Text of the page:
NEW PROVIDENCE, NJ – With the recent recognition of New Providence High School as the state’s best, borough officials may want to argue that local recreational offerings deserve similar accolades.

One indicator is the robust growth in registration, increasing 19 percent last year over 2012, Community Activities Director Tzu-Lin Toner said. The number of programs offered increased by 14 percent and program fees from participants increased 14 percent to $578,000.

Commensurate with that growth is the need for substantial improvements to borough parks and fields, which hasn’t escaped the attention of borough officials.

Sign Up for E-News

Last year, Hillview Field was refurbished including a modest use of artificial turf and opened for business in April. Last week, the Borough Council approved an expenditure of up to $435,000 for Lincoln Field that will include a sodded field to accommodate soccer, lacrosse and football. Two baseball fields are included that will be completed by year’s end and ready for use next April.

Reviewing her department’s performance with Borough Council members, Toner said what sets local recreation efforts apart from those of other communities was good value.

“Our programs are not only affordable but also high in quality in terms of content and instruction,” Toner emphasized.

As one example, Toner cited the dance program, which costs about $5 per hour compared to area dance studios which charge $15 to $20 per hour.

“We are fortunate enough to have great content and instruction with Debbie Ibrahim and Jessica Lombardi as our dancer instructors,” Toner said.

Still another factor in the department’s success is a conscious effort to involve every age group – from 3-year-olds to plus-80, all year around.

For example, pre-school classes for 3- to 5-year-olds were offered only during the school year, but in 2010 a summer mini-playground camp was added to the schedule of offerings.

There have always been a large number of programs for grade school youngsters. Working with the Board of Education, teachers and parents, the Recreation Department has expanded afterschool enrichment programs.

Efforts for middle school youngsters have greatly expanded to include a musical theater workshop, ceramics, girls' volleyball, track and tennis.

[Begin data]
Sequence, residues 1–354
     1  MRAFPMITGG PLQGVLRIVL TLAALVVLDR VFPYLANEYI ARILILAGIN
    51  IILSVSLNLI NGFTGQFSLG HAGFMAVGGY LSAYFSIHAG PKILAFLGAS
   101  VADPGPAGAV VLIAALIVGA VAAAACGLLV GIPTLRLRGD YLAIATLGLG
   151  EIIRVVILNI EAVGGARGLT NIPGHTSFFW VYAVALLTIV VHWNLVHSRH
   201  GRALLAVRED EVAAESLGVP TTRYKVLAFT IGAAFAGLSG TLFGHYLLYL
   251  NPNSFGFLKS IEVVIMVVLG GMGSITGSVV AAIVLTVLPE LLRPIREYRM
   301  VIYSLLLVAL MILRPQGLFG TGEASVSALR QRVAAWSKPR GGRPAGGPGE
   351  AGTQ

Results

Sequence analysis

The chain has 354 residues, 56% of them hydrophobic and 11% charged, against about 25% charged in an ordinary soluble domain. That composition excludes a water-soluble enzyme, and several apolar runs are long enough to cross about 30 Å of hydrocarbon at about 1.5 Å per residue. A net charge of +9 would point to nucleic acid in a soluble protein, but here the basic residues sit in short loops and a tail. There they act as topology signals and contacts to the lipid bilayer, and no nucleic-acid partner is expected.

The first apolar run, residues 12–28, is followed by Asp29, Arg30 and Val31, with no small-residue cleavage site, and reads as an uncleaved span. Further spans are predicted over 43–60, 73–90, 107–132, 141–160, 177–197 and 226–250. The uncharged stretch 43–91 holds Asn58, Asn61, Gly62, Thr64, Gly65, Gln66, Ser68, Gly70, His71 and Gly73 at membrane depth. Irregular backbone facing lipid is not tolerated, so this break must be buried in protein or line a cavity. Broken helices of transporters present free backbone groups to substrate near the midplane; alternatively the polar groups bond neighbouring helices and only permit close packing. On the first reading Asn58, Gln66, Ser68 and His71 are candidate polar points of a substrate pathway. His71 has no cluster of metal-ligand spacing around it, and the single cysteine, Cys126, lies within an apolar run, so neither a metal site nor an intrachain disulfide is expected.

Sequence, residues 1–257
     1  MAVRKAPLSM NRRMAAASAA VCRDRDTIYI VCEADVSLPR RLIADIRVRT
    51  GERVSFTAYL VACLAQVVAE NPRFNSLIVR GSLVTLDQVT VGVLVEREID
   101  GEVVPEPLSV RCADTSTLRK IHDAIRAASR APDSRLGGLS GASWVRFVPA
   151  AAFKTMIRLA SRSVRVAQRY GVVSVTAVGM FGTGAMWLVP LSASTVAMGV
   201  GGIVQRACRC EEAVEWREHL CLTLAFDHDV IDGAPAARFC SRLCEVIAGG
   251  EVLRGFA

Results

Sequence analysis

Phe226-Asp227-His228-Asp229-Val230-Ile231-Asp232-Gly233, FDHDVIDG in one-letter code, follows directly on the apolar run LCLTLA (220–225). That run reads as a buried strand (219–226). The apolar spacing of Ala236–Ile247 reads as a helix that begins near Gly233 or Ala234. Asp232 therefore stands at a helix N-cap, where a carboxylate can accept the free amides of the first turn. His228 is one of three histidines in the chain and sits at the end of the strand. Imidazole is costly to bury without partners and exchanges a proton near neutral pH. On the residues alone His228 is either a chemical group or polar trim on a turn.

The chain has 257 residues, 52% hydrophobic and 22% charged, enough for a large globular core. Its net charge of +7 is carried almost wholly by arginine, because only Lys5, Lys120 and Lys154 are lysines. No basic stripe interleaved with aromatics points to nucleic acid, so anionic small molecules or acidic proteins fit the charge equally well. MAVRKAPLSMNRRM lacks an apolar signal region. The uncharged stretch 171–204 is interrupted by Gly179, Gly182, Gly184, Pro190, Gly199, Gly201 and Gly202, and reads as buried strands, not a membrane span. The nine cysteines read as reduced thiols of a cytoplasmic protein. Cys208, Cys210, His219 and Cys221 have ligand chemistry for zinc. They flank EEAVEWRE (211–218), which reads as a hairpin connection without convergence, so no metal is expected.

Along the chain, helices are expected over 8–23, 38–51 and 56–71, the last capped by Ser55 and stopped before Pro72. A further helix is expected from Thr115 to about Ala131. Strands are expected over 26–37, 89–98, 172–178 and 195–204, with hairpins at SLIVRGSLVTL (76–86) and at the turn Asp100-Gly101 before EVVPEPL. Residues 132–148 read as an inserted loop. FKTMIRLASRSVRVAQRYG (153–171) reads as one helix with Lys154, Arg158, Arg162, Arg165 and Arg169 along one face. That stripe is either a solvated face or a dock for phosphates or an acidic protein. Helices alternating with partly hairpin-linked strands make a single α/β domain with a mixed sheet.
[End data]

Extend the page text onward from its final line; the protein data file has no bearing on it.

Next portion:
With over 90 percent of high school students involved in extracurricular activities and concentrating on college, offerings have been limited. However, Toner said many students are hired as coaches and camp counselors.

Concerned about keeping adults healthy and fit, Toner acknowledged their time pressures keep them quite busy in what she described as a “kid-driven community”. Thankfully, she added, there are over 130 adult coaches for baseball, softball and basketball leagues.

But what about adults whose children have fled the nest? The Rec Department introduced a new after-hours program led by Peggy Brodeur and Patty Kummer attended by 70 empty-nesters at a recent barbecue held at the Corso Community Center.

In addition to recreation, the Community Activities Department also oversees the Senior Citizens Center. Local resident Dick Walther conceived and designed a nationally recognized program called Senior Varsity Tennis.

Toner cited a third factor of success as an office staff that listens and responds to the needs of community which includes evaluations, email, Facebook and phone calls.

“No matter how you slice and dice it, recreation is on a growth trajectory,” Toner said.

In addition to Toner, the department consists of Arlene Regan, Bernadette CuccaroMaureen Parker, Patty Kummer and Karen Lambert.

The department is also responsible for the Senior Citizens Center led by Peggy Brodeur assisted by Michael Ferlise and Homer Fuents.